As the Mumbai carnage raged on, the US press slowly accepted that this wasn’t an attack on Westerners, that Indians weren’t merely collateral damage. On December 2 Somini Sengupta had a rather sickening story in the Times praising the “extraordinary grace” of some courageous Indians evoked by Sengupta in that ultimate imperial accolade, first-class service. “‘The only thing was to protect the guests,’ said the executive chef, Hemant Oberoi. ‘I think my team did a wonderful job in doing that. We lost some lives in doing that.'” Greater love hath no waiter than to lay down his life for the guests. Victorian fiction writers like G.A. Henty had scores of selfless characters like Oberoi.
In the old days the Western press had absolutely no comprehension of fatalities among Asians in numbers less than 50,000–the lower benchmark for newsworthy fatalities. Now it’s the other way round. In Western news reports, Indians are individually categorized as among the 188 dead in the Mumbai attack. These days, the larger the number of dead, the less visible they become. The nature of the catastrophe makes a big difference too. No Western journalist chose to bewail a huge human catastrophe when that same chief minister of Maharashtra, Deshmukh, supervised the destruction of 84,000 homes in Mumbai in 2004-05, nearly three times the number rendered homeless in Nagapattinam by the tsunami. “Many people will be inconvenienced and will have to make sacrifices if the city has to develop,” Deshmukh said then. Once again, the lowly were making sacrifices in the interests of the mighty, many of them real estate gangsters in league with Deshmukh and the ruling Congress Party.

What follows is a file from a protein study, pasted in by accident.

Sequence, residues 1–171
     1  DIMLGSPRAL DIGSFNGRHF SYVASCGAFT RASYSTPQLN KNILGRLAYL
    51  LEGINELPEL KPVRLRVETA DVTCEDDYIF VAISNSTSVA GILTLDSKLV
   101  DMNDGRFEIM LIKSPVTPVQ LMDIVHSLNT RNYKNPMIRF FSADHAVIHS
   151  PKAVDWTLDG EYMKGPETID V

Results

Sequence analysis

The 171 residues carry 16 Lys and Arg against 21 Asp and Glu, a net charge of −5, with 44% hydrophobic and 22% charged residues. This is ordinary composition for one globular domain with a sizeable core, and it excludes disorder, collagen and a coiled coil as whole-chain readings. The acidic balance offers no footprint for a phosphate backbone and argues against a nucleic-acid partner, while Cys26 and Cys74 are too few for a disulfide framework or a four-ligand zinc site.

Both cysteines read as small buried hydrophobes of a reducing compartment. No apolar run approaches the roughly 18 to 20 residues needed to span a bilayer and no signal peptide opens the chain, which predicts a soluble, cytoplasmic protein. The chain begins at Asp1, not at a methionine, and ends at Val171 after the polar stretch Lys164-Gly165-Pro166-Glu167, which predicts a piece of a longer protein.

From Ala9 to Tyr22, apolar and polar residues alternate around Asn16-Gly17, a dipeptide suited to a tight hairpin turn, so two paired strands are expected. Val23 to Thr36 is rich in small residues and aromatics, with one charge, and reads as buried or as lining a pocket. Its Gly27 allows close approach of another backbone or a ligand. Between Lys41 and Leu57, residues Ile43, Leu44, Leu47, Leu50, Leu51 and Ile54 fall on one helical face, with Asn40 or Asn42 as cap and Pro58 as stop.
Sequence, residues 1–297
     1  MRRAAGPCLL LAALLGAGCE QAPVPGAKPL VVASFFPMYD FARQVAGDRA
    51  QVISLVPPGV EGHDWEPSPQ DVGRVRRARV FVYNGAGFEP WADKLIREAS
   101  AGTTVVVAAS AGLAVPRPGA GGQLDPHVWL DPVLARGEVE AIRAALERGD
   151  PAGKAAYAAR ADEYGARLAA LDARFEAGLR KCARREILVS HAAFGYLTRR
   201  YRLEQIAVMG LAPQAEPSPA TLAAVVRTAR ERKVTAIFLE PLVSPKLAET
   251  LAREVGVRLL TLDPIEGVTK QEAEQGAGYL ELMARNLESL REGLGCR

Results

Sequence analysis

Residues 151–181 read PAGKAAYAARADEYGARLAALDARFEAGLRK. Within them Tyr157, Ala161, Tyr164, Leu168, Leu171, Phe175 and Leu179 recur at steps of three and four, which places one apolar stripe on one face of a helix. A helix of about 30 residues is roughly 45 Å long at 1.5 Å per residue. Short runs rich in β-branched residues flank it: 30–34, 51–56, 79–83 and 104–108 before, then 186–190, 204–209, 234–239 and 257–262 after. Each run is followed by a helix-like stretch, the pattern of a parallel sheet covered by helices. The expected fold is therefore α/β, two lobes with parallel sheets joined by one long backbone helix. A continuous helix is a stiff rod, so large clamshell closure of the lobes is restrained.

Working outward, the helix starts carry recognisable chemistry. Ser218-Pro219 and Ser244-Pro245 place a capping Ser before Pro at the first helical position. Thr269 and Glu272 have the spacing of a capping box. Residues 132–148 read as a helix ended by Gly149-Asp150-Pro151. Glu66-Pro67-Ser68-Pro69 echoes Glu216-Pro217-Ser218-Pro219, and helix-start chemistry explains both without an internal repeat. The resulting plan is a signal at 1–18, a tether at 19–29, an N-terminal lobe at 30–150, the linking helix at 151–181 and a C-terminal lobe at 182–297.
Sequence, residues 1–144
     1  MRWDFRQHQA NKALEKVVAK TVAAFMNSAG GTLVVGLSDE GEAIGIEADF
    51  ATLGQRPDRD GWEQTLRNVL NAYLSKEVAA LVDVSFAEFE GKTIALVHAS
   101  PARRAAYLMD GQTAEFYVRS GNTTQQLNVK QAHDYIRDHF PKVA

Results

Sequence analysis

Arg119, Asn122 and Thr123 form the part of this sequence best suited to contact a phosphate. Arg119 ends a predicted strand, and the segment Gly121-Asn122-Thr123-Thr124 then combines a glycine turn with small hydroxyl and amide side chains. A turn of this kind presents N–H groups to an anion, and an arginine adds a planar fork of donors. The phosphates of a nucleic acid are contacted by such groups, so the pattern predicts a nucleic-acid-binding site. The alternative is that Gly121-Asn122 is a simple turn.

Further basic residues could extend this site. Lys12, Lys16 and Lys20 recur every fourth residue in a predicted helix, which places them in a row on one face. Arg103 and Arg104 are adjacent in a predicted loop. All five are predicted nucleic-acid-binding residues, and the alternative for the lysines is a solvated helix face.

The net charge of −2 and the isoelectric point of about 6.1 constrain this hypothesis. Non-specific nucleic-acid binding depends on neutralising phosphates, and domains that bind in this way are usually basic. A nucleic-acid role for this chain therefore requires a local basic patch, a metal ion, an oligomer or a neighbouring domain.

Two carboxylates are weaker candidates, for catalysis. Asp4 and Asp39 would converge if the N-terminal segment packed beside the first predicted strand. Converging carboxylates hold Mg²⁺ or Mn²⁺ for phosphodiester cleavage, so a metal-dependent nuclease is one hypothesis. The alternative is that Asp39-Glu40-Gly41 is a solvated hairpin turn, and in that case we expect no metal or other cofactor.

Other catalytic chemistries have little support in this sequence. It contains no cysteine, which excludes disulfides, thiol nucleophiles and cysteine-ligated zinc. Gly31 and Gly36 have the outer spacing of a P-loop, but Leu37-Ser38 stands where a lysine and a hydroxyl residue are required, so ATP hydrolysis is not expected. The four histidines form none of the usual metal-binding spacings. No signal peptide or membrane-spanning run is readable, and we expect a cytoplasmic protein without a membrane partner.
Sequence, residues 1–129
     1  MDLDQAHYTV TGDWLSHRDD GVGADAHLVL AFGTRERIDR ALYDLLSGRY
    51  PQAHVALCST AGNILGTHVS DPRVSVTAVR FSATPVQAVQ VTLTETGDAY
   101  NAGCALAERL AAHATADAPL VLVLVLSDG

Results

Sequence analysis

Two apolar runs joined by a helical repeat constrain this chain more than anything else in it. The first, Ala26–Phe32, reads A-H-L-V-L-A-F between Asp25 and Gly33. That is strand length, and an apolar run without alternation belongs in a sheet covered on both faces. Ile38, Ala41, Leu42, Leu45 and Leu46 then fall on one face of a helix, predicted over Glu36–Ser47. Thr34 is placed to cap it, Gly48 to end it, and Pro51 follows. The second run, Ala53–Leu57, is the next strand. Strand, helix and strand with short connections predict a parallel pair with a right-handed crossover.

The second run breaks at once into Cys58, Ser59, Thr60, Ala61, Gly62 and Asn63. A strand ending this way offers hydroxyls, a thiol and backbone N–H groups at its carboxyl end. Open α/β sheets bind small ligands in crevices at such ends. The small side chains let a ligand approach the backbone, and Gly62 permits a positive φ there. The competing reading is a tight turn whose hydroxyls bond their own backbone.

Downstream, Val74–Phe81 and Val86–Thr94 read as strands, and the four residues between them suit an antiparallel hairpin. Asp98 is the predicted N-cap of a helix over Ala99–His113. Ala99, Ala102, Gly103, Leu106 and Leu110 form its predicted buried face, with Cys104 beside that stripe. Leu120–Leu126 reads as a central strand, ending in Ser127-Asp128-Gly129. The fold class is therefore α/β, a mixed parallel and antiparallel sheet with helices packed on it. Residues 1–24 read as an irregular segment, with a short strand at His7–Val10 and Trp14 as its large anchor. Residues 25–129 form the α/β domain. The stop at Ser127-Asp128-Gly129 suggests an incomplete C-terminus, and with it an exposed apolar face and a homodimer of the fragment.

There was no talk of “moral responsibility” in the Western press about the barbarism of making 84,000 families homeless. Nor did Deshmukh feel compelled to acknowledge moral responsibility when 2006 figures issued by his own bureaucrats recorded 1,400 suicides (undoubtedly a huge underestimate) of Indian farmers in six districts in the Vidarbha region of his state, driven to death by a carefully planned “liberalization” of the farm economy, overseen by Prime Minister Manmohan Singh. That state terrorism was of Western origin, promoted by economists, World Bank officials and journalists like the New York Times‘s Thomas Friedman and Keith Bradsher, stepping onto Indian soil armed with Friedmanite recipes and with cellphone contact to terror centers in Washington, Harvard and Chicago. Almost exactly a year ago Indian journalist P. Sainath reported the suicides of close to 150,000 Indian farmers from 1997 to 2005.
Have the Times and Washington Post and their leading journalists, salesfolk and apologists for this terrorism ever accepted moral responsibility, or even admitted that their economic analyses of the past two decades have been lethally wrong and at last have come home to roost? Say it! “Mo…mo…mowal…”